Arborfield and Barkham are working together to produce a Neighbourhood Plan.
Some residents may remember that this project was started about 4 years ago, but work on the Neighbourhood Plan at that time was overtaken by the uncertainties associated with development proposed at Arborfield Garrison and by the Arborfield Bypass consultation. Both these issues are now more settled, and work on the Neighbourhood Plan was restarted about 6 months ago.
With the Borough Council now in the process of developing the Local Plan Update, which will guide the future development of Wokingham Borough up to 2036, this is a very good time to be gathering our opinions and sharing them with the Borough Council.
Results of Residents’ Survey
The Neighbourhood Plan Steering Group would like to thank residents for responding to the Neighbourhood Plan questionnaire which was carried out at the end of 2016. In total there were 525 responses: this is a substantial number and confirms that there is a lot of interest in how the parishes evolve.
The Rural Location
A major theme to emerge is that residents have a strong attachment to the rural and village character of the area. There was strong support for the proposition that the rural setting makes Arborfield and Barkham good places to live, with 98% of respondents agreeing. Meanwhile 91% strongly agreed and a further 8% agreed that the unique identity of the area is best preserved by retaining open spaces around the villages. This is about as near unanimity as could be achieved!
Challenges facing Arborfield and Barkham
Concern about development related issues is widespread. The most important challenges faced by Arborfield and Barkham are traffic congestion (49%) and protecting open spaces (29%).
The vast majority of journeys to work were by car (86%) and so it is hardly surprising that there is congestion on the limited road network available to serve the community. The dependence on car transport is clearly explained by the complexity of commuting journeys with the vast majority of destinations not being readily accessible by public transport. Excluding the “not applicable” group (basically retirees) the distribution between the 12 destination areas is spread remarkably evenly. The two largest destination groups at 12% each were Wokingham (Other) and Hampshire/Surrey.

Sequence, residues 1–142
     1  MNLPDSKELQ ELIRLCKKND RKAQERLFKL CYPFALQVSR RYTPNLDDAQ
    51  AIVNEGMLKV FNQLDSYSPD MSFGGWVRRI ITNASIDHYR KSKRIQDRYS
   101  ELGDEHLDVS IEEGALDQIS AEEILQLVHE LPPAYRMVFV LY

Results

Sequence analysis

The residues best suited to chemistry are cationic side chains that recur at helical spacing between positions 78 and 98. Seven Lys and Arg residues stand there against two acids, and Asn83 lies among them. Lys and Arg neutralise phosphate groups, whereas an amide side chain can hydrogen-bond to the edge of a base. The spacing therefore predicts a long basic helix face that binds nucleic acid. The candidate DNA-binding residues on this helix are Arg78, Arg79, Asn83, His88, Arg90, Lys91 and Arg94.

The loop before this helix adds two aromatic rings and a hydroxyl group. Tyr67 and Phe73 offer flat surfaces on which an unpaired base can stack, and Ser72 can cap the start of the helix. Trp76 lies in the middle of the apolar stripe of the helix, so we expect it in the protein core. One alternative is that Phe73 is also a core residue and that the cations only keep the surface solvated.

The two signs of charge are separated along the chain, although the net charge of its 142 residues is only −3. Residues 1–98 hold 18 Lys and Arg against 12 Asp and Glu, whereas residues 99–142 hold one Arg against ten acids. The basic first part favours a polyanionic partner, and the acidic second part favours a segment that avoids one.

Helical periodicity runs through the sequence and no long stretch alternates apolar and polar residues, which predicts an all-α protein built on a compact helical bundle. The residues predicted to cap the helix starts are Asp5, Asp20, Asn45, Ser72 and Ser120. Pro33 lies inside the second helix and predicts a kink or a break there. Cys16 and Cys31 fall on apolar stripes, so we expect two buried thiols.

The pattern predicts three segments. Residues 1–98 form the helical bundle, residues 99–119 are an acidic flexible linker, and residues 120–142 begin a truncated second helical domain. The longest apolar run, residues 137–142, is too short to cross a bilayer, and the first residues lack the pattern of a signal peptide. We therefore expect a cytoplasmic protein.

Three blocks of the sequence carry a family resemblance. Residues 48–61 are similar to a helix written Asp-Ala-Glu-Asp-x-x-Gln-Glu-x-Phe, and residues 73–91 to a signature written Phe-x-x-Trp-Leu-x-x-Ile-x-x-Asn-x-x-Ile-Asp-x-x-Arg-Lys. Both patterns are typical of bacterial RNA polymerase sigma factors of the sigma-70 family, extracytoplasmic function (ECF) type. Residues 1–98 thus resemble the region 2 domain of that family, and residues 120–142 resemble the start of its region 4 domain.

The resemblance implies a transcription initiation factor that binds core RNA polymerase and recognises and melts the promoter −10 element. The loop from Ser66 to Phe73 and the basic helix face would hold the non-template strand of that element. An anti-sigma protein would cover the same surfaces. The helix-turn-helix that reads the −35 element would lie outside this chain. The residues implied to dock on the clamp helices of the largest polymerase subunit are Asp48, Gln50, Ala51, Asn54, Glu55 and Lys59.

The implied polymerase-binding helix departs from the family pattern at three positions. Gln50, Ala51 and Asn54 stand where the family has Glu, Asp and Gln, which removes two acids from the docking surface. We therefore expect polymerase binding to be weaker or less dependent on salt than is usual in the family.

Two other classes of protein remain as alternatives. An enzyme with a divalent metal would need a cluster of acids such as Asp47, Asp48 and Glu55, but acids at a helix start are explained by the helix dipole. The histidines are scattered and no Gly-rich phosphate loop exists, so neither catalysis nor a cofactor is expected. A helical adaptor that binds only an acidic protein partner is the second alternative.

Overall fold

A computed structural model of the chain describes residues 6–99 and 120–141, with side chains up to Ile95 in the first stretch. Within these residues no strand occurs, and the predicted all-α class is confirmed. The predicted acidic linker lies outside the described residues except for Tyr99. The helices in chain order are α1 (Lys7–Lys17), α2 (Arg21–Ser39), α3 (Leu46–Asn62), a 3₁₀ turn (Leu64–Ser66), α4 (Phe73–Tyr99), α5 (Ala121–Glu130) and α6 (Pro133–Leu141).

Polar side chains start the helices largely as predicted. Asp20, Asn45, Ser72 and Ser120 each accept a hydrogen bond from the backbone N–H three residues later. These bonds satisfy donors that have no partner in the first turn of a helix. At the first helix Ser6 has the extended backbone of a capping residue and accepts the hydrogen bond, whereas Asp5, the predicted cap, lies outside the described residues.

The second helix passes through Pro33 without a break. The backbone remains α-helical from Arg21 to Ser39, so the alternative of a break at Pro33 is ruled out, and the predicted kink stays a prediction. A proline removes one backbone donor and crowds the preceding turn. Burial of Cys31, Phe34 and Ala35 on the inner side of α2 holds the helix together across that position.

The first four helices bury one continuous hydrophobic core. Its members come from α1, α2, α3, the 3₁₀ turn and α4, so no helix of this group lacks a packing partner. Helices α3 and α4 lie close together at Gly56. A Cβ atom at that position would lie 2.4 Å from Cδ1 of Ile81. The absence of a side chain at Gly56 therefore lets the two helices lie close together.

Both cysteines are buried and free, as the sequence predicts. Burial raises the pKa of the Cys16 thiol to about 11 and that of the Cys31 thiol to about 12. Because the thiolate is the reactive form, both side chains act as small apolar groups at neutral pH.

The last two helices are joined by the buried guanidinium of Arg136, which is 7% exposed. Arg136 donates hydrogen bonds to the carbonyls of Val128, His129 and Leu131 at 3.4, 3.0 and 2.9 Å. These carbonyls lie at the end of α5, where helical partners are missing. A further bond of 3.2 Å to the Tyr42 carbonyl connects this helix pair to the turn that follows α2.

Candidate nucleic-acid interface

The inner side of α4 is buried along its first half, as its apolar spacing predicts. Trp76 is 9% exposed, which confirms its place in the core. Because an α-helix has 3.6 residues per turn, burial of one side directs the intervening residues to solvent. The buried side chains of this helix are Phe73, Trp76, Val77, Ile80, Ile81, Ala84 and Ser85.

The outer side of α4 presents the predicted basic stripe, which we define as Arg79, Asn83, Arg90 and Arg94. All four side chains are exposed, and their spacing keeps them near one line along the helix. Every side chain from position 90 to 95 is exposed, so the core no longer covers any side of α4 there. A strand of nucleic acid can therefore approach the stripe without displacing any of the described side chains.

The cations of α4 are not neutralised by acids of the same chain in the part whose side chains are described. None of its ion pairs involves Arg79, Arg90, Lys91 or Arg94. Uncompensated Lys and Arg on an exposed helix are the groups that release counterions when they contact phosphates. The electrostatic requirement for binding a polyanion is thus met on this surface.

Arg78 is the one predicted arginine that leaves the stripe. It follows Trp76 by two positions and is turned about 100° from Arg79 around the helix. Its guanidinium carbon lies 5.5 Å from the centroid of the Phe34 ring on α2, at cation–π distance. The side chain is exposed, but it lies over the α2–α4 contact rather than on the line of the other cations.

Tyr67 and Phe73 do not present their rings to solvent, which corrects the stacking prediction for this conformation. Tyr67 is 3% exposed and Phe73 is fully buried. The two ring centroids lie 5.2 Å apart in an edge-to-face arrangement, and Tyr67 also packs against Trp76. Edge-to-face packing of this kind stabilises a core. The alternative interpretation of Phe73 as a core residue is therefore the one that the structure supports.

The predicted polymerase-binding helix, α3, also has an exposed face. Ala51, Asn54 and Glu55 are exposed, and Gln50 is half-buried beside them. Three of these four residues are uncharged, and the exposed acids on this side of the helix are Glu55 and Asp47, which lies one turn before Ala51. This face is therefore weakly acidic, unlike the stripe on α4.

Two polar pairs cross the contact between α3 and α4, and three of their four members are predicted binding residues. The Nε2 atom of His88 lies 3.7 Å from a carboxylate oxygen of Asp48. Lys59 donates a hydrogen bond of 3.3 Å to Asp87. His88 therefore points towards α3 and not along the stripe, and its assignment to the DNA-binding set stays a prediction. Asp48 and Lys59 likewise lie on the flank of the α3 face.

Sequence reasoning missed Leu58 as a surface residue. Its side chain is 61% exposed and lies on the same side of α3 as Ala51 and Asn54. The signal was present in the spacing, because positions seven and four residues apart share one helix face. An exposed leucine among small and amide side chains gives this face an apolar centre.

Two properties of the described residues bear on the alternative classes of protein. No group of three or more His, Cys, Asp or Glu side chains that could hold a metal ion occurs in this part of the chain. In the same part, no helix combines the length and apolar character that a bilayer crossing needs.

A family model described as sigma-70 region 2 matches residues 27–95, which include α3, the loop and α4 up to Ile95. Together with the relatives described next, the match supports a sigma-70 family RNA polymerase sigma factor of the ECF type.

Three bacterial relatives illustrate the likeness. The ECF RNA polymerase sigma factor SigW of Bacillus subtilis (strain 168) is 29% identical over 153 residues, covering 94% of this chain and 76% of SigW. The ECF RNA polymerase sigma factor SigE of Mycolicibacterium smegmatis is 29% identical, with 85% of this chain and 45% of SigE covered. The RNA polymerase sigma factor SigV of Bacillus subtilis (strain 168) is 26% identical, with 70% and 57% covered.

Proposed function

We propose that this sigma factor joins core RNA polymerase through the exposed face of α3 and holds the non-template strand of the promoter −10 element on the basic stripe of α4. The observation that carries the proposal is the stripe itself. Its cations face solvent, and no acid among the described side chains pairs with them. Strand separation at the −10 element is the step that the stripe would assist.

Commuting by bus covers a very low proportion of residents (3%) but nearly a quarter of residents (23%) use buses at least monthly. The proportion is higher for Arborfield residents which reflects the more frequent bus service to Reading. For Barkham residents the priority is frequency (41%) while more direct routes (29%) and fares (24%) are more of a factor in Arborfield.
There is a strong sense that nursery provision is adequate (72%) and also play facilities for children up to 12 years (60%). However a majority felt that there was a shortage of recreation facilities for teenagers (77%).
Satisfaction with local medical facilities is low (38%) but the result splits by parish. Arborfield residents have the benefit of a small doctor’s surgery facility which explains higher satisfaction at 45% compared with just 31% in Barkham. Parks and recreational spaces are considered adequate (68%) and also community centres (62%).
The proposition that there should be a policy to provide housing for first time buyers received strong support at 77% of responses. There was also even stronger support (91%) for life time homes (i.e. homes where people can continue to live independently when they become old or disabled). These two concepts clearly need to be addressed in the Neighbourhood Plan.
There are some interesting conclusions emerging which will help with writing the Neighbourhood Plan.
A more detailed summary (1.1Mb pdf) can be found here.